The control panel can be used to move the seat into one of several pre-set positions and to customise each feature to your personal preference. One advantage over air travel is that the seat can be moved from the moment you board, rather than waiting until the journey is underway.
With AC and USB power available at every seat, you’re free to work from A to B without interruption – again, not having to pause your plans during take-off and landing, as with a flight.
Although you’re not on the train long enough to unpack, storage for larger items like laptops is available in the literature pockets at each row:
Smaller goods can also be housed within the armrest, but don’t forget to check this space before leaving the train:
Inside the opposite armrest, you’ll find the tray table:
This folds out and open to create a large dining or working space, or can also be used in ‘half mode’ to keep a drink or snacks handy. Having said that, there’s also a shelf running along the windows, so this feature is most useful for the aisle-side passenger in the cabin’s sole group of two seats.
Finally, the height of each seat’s fixed shell provides a good deal of privacy between each row, and means that reclining and stretching out doesn’t impact upon the passenger seated behind.
Restrooms are available between the business class and first class cabins, but on this train, weren't stocked with soap: BYO hand sanitiser to the rescue.
China's High Speed Rail: the journey
Even being a relatively short ride to Hong Kong, complimentary snacks are provided after taking your seat, with the cabin attendant offering a snack box and a bottle of water:
Inside were a variety of goodies, most of which were tasty. A napkin would have been a handy but wasn’t offered – fortunately, a spare from an earlier flight came to the rescue.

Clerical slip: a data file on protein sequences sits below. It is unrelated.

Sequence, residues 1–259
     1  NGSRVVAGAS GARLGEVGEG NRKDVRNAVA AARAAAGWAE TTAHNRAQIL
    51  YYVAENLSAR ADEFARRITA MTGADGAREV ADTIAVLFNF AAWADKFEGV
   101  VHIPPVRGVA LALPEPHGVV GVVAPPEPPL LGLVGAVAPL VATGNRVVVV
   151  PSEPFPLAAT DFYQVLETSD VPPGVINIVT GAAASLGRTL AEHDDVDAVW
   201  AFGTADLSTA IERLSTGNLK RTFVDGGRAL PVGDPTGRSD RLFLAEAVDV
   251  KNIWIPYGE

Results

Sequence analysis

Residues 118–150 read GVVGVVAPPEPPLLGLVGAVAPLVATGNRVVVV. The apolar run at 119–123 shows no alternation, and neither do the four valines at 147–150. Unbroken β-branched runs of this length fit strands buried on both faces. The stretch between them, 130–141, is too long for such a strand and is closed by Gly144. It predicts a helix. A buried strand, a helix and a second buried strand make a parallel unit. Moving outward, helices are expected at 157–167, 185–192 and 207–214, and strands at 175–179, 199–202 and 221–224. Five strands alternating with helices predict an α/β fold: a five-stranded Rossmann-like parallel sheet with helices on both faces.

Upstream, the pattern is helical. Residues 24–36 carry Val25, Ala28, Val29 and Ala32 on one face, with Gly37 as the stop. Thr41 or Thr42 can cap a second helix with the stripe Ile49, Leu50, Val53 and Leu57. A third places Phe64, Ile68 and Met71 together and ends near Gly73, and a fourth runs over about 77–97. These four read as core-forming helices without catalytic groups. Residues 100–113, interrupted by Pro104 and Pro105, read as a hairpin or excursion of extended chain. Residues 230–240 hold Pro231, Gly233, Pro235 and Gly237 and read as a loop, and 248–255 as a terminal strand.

Initially, this journey runs above ground, giving passengers a view out through the window, but runs primarily through a tunnel once getting closer to Hong Kong.
Mobile phone service is reliable throughout, with the cutover from a Chinese network to a Hong Kong network taking place prior to arrival.
WiFi service is offered on the train but is only accessible by those who have a mainland Chinese mobile number. Instead, relying on that mobile signal and tethering a roaming phone to other devices such as a laptop can also get you online, and worked well in this case.
China's High Speed Rail: arriving in Hong Kong
This particular train, G6529, operates a three-stop service between Guangzhou and Hong Kong, calling at Humen after 17 minutes, Shenzhen North 24 minutes after that, and then Hong Kong West Kowloon in a further 21 minutes, or 62 minutes after leaving Guangzhou.
Unlike when taking the train from Hong Kong to Guangzhou where immigration formalities for both Hong Kong and China are completed before boarding the train, this means you’ll exit Chinese immigration and enter Hong Kong after your arrival at Hong Kong West Kowloon.
Most travellers are required to complete a Chinese departure card before proceeding through passport control. These can be found once you’re off the train, but handing these to passengers on the train – or making them available for collection – would be a time-saving touch.
Visitors to Hong Kong will also need to fill out a Hong Kong arrivals card, which can again be found at the station, and would be ideally available to passengers before exiting the train.
Of course, visitors registered for Hong Kong eChannel access aren’t required to fill out a card and can proceed straight through the eChannel for quick and easy entry into Hong Kong: and with no queues in this area, it took all of 10 seconds to cross the Hong Kong border.
China's High Speed Rail business class: the verdict
Overall, at HKD$500 for a one-way business class ticket from Guangzhou to Hong Kong, catching the train proves more efficient than taking a plane in both time and in cost.
With the ticket being just HKD$142 more expensive than first class yet including extras such as fast-track station entry, snacks, more privacy and a flatbed seat, the ‘upgrade’ from first class to business class will be easy to justify for many, all while conveniently avoiding the words “first class” on corporate travel expense reports.
Chris Chamberlin travelled as a guest of MTR Corporation.